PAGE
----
- - Monday, January 22, 2018


By Peter Lovesey

Soho, $27.95, 416 pages

It is a skeleton sitting in a chair in an ancient attic, dressed in 18th century clothes, a black wig and a white tricorn hat on its battered head, and it has no teeth.

It is the trigger to the latest case to come to the attention of Deterctive Superintendent Peter Diamond, that indestructible weapon of British law concocted by — who else — but the indestructible Peter Lovesey.

The irascible Diamond is not thrilled by the discovery of what might, unlikely as it seems, be the body of “Beau” Nash, the famously historical dandy who put the picturesque city of Bath on the map in a way not everyone liked at the time. Research into the life and times of Beau shows him to be an 18th-century notable who turned Bath into the premier destination for masculine fashion.

Beau himself is an icon of Bath’s sartorial trends. He is also catnip for the local ladies of varied social standing.

Det. Diamond is intrigued but doubtful about what he and his faithful team have unearthed, quite literally. His doubts multiply and his temper becomes even more uncertain as weird facts emerge about Beau who supposedly died in a pauper after a luxurious life. That high-flying life crumbled into hard times, followed by a resting place in a poor man’s grave in the town where he had once socially ruled.

The findings become more lurid leading to a hilarious dig in a downpour by exhausted coppers who of course all work for Diamond who’s popularity is at a low ebb.

In the meantime, a high level female police official has accidentally encountered what might be called the remains of the Beau Nash society, which still exists among the more fashionable members of Bath society. Given the Lovesey style, Assistant Chief Constable Georgina Dallymore, the ranking officer, makes the discovery when she consumes too many gin and tonics and is rescue by the society woman who is the wife of the Nash society leader.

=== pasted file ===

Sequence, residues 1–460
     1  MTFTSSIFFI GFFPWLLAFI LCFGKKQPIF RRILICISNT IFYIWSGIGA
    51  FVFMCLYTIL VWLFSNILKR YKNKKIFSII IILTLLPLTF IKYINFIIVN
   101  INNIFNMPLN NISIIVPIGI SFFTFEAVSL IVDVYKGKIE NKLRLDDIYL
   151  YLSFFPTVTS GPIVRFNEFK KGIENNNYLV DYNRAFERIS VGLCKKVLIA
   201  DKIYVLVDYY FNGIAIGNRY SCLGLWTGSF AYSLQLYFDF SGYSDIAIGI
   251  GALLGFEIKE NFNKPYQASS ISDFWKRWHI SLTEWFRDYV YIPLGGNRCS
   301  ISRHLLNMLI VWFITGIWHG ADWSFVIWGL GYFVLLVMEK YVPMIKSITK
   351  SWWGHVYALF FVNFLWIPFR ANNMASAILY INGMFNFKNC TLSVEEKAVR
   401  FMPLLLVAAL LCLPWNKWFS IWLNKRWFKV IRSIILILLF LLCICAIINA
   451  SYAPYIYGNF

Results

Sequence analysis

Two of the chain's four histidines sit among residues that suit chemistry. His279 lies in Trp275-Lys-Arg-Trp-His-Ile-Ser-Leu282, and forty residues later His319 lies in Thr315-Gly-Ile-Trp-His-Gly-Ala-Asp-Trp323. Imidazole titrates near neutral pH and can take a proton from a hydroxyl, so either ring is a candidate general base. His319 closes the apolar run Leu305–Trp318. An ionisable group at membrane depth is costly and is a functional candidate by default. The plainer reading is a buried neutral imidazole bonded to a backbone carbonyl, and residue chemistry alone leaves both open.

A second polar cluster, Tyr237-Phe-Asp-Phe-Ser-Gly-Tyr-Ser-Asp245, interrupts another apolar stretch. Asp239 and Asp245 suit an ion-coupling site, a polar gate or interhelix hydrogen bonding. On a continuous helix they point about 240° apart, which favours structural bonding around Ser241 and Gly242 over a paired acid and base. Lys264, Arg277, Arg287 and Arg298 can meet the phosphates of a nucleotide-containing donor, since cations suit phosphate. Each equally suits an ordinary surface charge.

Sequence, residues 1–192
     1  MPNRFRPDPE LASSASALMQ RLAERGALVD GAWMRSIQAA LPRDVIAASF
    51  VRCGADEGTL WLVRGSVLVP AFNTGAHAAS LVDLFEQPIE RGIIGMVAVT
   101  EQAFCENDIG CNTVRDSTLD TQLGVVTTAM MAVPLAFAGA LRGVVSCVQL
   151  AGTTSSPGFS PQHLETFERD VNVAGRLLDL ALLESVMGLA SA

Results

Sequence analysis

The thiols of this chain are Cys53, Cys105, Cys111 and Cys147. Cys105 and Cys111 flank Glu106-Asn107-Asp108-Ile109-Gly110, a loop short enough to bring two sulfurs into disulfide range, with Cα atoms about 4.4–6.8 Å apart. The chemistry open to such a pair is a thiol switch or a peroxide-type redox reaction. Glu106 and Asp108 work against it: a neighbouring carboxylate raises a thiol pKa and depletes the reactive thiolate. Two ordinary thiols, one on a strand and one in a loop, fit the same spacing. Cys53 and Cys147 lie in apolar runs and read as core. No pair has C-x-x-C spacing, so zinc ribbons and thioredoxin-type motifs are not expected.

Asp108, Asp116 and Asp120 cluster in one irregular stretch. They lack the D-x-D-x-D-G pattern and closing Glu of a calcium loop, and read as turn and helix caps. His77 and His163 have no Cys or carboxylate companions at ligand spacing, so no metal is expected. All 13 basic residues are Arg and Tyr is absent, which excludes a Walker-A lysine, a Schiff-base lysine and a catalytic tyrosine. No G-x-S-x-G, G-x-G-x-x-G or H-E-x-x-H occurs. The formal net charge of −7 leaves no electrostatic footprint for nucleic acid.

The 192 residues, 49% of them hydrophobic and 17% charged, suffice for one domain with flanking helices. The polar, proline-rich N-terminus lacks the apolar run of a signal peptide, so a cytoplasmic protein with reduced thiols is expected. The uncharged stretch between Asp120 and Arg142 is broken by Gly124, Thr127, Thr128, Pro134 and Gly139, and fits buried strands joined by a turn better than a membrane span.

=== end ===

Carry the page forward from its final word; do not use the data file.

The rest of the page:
Now things are getting interesting, even for Diamond, who has come to suspect that this mystery is more 20th- than 18th-century and that a brand new murder of a local hippie type involves a smoothly run drug ring. He leans on Paloma, his occasional lover, to use her many social and literary contacts to strengthen a case that stretches closer to the current day than to the skeleton in the attic.

Diamond is even persuaded by Paloma to wear a classic Beau Nash outfit to the society ball, which proves far more dangerous than he expects, especially when it imperils the plucky Paloma.

The current aristocracy of Bath finds itself dealing with a detective who is interested only in solving sudden death even if it means having to embarrass himself in an outfit he would not have been caught dead if he weren’t determined to follow the fashion tastes of that dandy Beau Nash, who is central to solving the mystery.

The question oi whose corpse is dangling in a battered chair with a dent in its head is of course answered, and many mysteries are solved to the satisfaction of Diamond. Mr. Lovesey, as might be expected, moves from a hilarious launching of the plot — which is his usual style — to a delectable collection of vivid characters and an avalanche of clues, many of them leading in the wrong direction.

Therein of course a denouement dramatic enough even for Diamond and a nice twist of an ending. All the reader has to do is wait for Mr. Lovesey to write the next in what is an estimated three dozen books, all of them highly readable.

Muriel Dobbin is a former White House and national political reporter for McClatchy newspapers and the Baltimore Sun.

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